As Australians in some states were celebrating the easing of coronavirus restrictions in September, hundreds of refugees and asylum seekers around the country were reeling in shock.
Amid a pandemic and a treacherous job market, they had been ordered to leave community detention – where they had been entitled to limited financial support and medical care – and told to support themselves.
They were given three weeks’ notice to find both a job and a place to live.
Amir* and his wife had been in community detention for one year when they received a letter from the Department of Home Affairs in late September.
The letter, seen by SBS News, advises them they will be granted a temporary Humanitarian Stay visa valid for seven days after which they can remain in Australia on a six-month Final Departure Bridging E visa before having to leave the country.
While bridging visa holders can be eligible for Medicare, they have no access to federal financial assistance. While they have the right to work, they are unable to study.
Amir and his wife, originally from Iran, had already spent six years in offshore detention in Nauru. The letter left them paralysed by fear.
“They gave me three weeks’ notice. They said you have three weeks to find a job, to rent a house, to buy all the furniture. It was crazy… it was horrible. We felt really bad,” he told SBS News.
“My wife had been suffering deep depression while we were in offshore detention and she was slowly getting better but when we received that notice, she got worse again.”
The Refugee Council of Australia estimates the Morrison Government moved around 515 men and women in South Australia, Western Australia, New South Wales and Queensland from community detention to final departure bridging visas during August and September.
Previously, many of them had been transferred to Australia from Nauru or Papua New Guinea to address acute health needs that could not be met in detention.
Another 164 people in Victoria, who appear to have been immune from the changes until now due to strict COVID-19 restrictions, are also expected to be exited from community detention over coming weeks.
Like Amir, they will also find themselves on final departure bridging visas, desperately scrambling for work and a place to live.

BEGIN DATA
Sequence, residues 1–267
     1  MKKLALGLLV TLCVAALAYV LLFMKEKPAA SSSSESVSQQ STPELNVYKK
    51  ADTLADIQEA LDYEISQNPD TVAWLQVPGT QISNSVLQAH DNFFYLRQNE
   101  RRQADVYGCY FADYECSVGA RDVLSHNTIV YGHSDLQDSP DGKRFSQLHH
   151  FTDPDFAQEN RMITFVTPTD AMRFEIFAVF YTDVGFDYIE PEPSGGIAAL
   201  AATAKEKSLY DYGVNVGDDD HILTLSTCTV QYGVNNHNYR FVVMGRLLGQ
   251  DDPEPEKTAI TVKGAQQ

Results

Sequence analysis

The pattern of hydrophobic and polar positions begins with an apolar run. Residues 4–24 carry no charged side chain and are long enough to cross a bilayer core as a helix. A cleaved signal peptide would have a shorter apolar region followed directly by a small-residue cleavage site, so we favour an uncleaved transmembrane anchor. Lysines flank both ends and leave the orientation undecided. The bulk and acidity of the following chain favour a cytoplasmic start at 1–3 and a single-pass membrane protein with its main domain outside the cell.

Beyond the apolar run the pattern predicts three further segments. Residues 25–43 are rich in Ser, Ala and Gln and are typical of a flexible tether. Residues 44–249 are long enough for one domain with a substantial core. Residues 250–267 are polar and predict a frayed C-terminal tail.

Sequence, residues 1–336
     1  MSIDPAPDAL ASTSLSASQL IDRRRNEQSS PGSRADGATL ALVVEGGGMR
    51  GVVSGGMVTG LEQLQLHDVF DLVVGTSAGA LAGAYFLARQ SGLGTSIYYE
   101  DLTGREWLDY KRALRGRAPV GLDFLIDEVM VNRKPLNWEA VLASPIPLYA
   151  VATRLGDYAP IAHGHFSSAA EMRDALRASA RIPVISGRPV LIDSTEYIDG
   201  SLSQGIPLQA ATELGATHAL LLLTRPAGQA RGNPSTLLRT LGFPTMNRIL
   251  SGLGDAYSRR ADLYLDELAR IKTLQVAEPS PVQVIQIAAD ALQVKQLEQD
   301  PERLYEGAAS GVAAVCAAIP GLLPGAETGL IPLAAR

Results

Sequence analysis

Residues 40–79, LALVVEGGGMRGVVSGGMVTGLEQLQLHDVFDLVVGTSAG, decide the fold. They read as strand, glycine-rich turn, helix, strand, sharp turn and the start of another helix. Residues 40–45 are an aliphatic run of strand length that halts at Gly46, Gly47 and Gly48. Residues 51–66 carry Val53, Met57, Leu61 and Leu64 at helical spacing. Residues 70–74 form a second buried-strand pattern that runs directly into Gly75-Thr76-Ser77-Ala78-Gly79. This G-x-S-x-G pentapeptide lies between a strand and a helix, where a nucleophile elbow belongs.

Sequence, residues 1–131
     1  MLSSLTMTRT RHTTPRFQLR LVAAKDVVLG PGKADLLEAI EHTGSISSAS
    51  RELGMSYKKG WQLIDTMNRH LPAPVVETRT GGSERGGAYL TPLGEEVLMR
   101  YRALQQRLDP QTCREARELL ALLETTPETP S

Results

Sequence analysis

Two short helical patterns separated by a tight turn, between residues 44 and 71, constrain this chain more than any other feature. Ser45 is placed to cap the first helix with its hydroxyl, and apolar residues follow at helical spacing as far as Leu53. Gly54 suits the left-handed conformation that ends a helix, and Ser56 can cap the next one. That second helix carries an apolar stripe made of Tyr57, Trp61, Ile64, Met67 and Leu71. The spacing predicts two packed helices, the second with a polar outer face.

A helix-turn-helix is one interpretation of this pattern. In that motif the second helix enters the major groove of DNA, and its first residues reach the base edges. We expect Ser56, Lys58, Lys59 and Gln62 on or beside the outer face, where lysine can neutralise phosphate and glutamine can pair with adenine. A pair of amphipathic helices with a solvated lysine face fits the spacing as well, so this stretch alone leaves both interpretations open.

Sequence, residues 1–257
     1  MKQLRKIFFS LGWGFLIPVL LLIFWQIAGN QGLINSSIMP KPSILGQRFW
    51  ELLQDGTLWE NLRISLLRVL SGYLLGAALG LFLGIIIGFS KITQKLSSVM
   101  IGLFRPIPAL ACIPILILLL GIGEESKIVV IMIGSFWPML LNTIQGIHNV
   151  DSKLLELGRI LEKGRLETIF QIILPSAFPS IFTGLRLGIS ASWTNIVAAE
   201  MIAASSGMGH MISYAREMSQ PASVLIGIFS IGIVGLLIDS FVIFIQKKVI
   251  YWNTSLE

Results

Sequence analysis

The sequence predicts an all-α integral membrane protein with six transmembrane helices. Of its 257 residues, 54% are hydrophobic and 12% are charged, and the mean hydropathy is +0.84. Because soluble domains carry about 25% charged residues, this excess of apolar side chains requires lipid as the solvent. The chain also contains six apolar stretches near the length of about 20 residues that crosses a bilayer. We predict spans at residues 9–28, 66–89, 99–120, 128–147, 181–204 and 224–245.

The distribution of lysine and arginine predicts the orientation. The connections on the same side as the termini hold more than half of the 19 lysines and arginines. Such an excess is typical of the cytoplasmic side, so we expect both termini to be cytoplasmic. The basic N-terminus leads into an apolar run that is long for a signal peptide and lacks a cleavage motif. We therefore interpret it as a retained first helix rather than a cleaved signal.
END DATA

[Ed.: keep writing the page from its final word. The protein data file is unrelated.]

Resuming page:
Welcoming Australia’s campaign manager Kate Leaney says the federal government’s three weeks’ notice that community detention will cease is ludicrous.
“For individuals and couples, their income support ceases on the date they receive the notice and for families with kids, the support stops at the three-week mark – or six weeks if they are able to obtain an extension,” she told SBS News.
“In the middle of a recession and pandemic, three weeks to find a new place to live is challenging for any Australians who have English as their first language and work experience … but it’s even harder to find work after being prohibited from working for years.”
While lots of people welcome the opportunity to work, many are left “shocked and traumatised” by the timing of the notice, she said.
“There’s so much uncertainty, fear and trauma associated with this visa grant.”
Through its Step up to Support initiative, which encourages Australians to offer up a room or provide job seeking assistance to those affected by the crisis, Welcoming Australia, along with other agencies around the country, has been able to assist a number into temporary accommodation.
“We’re just needing that in-between accommodation that gives people that breathing space to make that next decision,” Ms Leaney said.
Amir and his wife, for now, are some of the lucky ones. An Adelaide couple has offered them their granny flat for two weeks.
“They are a lovely couple. We really appreciate them accommodating us and letting us stay,” Amir said.
“If we don’t get help, we will be homeless.”